5. Nineteenth Regiment Cincinnati ―Irish Republic Volunteers‖ (120 men),31 both units from Ohio dressed in green caps and green shirts led by Lt. Colonel John Grace (Cincinnati), with Captain Sam Sullivan (Cincinnati) and Lieutenant John J. Geoghan (Cincinnati) and Captain Donohue commanding a company of mounted scouts of unknown strength; approximate total strength: 220 men;

–  –  –

unknown strength riding horses seized on the Canadian side.33 A Canadian secret service agent in Buffalo, John McLaughlin reported that the Fenians had five large double wagons and four furniture wagons with ammunition and 1,500 stand of Proceedings of a Court of Inquiry held in Hamilton on Tuesday the 3 rd day of July A.D. 1866 by order of His Excellency the Commander-in-chief on the application of Lieutenant Colonel Booker to examine and report on the circumstances connected with the late engagement at Lime Ridge, dated Ottawa, June 24, 1866. Adjutant General‘s Correspondence; Correspondence relating to complaints, courts martial and inquiries, RG9-I-C-8, Volume

6. LAC. [Page referenced to reprint in Captain Macdonald and hereinafter as ―Booker Inquiry‖.] p. 216 Eugene Courtney to John Grace, May 22, 1866; Sweeny Official Report, September 1866: Sweeny Papers;

Louisiana Tigers and confederate uniforms see: The Irish Canadian, June 6, 1866. p. 3 Reid, Appendix C, p. 378; O‘Neill, Official Report, p. 38; Captain Macdonald, p. 26; Cruickshank, p. 20, p. 28;

Scian Dubh [James McCarroll], pp. 164-165; Benedict Maryniak, The Fenian Raid and Battle of Ridgeway June 1http://www.acsu.buffalo.edu/~dbertuca/g/FenianRaid.html [retrieved October 2008] arms, a ―stand‖ being a rifle plus bayonet, scabbard, ammunition-cap cases and belts.34 Other sources estimated that 2,500 arms were taken into Canada, as the Fenians had anticipated support from local sympathizers to whom some of the arms would be distributed.35 The extra weapons were also intended for delivery in Canada to smaller arriving parties of unarmed Fenians slipping by U.S. customs inspectors on other points along the frontier.

So huge was the Fenian surplus of arms that in the morning before the Battle of Ridgeway, they destroyed a large portion of it. At least 250 or 300 rifles were thrown into fires and smashed against apple trees because, according to one witness ―they had more rifles than men.‖36 Another witness recalled discovering 40 rifles and 19,000 rounds of ammunition thrown into Frenchman‘s Creek in bayonet punctured crates.37 So many rifles were abandoned that a company of Canadian volunteers the next day in pursuit of Fenians suddenly ground to a halt while some of its men dove into the water to retrieve souvenir rifles.38 The ammunition boxes were all found marked ―Watervelt Arsenal, State of New York, 1000 ball cartridges, 1864 extra good‖ and the rifles were engraved ―Bridesburg‖ respectively the arsenals at Watervelt in Troy, New York and Bridesburg, Philadelphia.39 The Fenians were better armed and supplied than the Canadian militia sent to stop them.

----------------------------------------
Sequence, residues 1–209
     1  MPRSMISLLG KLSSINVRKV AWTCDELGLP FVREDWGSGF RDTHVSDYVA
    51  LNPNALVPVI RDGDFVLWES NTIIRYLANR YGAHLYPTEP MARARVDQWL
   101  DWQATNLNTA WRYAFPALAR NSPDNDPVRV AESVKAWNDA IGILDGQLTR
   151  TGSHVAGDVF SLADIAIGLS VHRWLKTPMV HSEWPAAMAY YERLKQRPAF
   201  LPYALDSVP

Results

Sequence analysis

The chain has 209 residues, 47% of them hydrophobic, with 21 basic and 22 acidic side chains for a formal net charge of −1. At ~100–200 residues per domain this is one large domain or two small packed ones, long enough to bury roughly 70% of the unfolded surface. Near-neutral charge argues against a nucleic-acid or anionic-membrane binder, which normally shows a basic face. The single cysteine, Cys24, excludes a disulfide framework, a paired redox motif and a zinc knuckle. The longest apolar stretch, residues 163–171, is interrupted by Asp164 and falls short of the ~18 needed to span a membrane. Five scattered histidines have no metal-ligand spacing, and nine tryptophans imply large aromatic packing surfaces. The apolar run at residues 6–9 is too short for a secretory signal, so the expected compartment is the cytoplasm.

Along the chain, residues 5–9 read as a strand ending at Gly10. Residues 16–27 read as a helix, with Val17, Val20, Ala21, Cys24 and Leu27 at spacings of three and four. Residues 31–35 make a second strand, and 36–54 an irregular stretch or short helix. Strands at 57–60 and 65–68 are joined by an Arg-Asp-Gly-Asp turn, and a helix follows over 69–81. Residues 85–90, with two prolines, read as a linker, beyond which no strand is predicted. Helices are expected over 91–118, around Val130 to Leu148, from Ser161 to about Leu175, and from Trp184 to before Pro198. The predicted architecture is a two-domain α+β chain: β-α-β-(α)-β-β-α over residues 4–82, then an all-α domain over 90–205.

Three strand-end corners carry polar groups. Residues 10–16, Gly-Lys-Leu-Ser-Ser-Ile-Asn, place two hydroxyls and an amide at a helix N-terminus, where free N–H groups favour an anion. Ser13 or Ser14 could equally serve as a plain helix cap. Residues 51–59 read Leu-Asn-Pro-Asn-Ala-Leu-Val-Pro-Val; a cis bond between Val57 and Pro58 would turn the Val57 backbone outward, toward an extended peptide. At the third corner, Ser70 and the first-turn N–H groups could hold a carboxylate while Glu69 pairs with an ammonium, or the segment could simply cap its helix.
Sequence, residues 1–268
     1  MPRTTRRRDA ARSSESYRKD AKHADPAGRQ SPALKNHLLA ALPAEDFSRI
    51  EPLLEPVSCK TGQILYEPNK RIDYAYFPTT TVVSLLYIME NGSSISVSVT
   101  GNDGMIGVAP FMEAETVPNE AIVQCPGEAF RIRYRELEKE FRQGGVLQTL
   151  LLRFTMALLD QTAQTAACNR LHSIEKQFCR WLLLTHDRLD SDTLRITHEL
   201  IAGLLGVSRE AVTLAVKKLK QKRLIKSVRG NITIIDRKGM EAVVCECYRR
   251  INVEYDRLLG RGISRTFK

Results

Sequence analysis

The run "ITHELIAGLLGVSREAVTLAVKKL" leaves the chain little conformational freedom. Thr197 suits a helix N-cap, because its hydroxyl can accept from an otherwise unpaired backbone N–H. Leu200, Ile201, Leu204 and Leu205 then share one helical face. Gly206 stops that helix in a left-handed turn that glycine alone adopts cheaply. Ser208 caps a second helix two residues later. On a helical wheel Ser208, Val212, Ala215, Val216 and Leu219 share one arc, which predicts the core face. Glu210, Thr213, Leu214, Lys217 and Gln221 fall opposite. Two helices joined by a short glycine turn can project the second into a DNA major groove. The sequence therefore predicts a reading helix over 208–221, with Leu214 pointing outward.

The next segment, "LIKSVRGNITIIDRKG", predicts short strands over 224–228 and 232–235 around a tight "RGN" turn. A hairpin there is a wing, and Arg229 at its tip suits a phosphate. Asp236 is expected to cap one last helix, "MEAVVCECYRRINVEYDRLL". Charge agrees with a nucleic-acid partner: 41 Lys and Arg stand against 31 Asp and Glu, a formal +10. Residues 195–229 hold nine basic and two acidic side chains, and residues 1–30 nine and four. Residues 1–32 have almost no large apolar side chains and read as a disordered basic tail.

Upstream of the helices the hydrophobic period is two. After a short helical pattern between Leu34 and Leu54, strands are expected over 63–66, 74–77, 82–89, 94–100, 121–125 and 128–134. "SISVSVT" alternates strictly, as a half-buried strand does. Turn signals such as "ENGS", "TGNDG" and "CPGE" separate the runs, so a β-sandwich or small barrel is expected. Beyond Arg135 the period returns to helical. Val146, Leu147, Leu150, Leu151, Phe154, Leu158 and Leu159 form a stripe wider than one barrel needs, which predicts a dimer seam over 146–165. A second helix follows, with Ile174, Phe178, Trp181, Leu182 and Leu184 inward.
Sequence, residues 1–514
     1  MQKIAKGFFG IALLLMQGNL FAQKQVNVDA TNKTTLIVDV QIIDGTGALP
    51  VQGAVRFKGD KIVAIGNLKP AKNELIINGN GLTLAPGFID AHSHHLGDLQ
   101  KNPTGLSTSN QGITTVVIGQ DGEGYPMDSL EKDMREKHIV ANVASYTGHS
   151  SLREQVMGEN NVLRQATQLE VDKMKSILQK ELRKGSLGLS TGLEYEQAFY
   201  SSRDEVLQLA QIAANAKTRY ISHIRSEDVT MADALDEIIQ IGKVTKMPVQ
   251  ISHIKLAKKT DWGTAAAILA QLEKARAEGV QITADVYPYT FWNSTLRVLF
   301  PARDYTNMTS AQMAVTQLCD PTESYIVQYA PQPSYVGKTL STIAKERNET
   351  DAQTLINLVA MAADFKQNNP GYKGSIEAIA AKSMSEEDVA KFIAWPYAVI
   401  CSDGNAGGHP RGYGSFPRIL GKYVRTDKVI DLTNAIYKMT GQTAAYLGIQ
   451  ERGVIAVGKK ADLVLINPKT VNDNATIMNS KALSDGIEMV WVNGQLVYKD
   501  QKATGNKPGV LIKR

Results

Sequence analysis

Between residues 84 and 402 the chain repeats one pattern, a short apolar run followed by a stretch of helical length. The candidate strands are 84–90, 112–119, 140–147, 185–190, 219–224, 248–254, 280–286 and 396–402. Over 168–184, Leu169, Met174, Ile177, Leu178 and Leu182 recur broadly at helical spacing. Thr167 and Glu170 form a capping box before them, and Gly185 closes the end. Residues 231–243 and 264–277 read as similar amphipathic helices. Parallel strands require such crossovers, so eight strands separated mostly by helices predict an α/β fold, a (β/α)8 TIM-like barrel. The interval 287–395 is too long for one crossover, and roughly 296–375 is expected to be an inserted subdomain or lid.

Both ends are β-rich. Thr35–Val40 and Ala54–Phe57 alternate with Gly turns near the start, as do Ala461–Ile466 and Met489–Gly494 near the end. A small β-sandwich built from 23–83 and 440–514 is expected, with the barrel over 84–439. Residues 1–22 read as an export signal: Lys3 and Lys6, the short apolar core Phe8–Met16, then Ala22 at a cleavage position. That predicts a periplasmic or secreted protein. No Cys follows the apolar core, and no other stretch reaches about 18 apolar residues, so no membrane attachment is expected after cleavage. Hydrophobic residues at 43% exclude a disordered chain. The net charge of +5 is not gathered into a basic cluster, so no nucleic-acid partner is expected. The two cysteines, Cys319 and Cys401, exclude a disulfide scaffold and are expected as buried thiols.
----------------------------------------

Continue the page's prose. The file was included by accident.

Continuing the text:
The actual number of Fenians who crossed into Canada has never been conclusively determined and has been estimated as low as 600 to as high as 2,000. The problem is that the Fenians crossed at different points and different times between midnight and noon the next day, with observers making counts and estimates at different locations and times. A local resident McLaughlin to McMicken, 31 May 1866, MG26 A, Volume 237, pp. 103838 to 103845 [Reel C1663] LAC Captain John A. Macdonald, Troublous Times in Canada, Toronto: [s.n.] 1910. p. 28 Joseph Newbigging, Testimony, Judge‘s Notes, The Queen v. William Havin, DFUSCT roll 1 Somerville, p. 38 Dennis Inquiry pp. 221-222 Thomas L. Newbigging, Testimony, Judge‘s Notes, The Queen v. Robert B. Lynch, 24 October 1866, DFUSCT roll 1 who watched them land later testified that they ―did not exceed 1000 men.‖40 A Canadian smuggler and former scout in the Union Army during the Civil War now living in Fort Erie, Sam Johnston, claimed that he spied on the road between the town and the landing site a column of Fenians eight men to a rank. ―I counted the columns and there were one hundred and thirty-six.

At that rate there were one thousand and eighty-eight men.‖41 Another witness testified he saw 1,500 but that they were ―marching four abreast.‖42 Johnston‘s careful count presumably did not include Starr‘s advance party of 244 who by this time were advancing up the B. & L.H.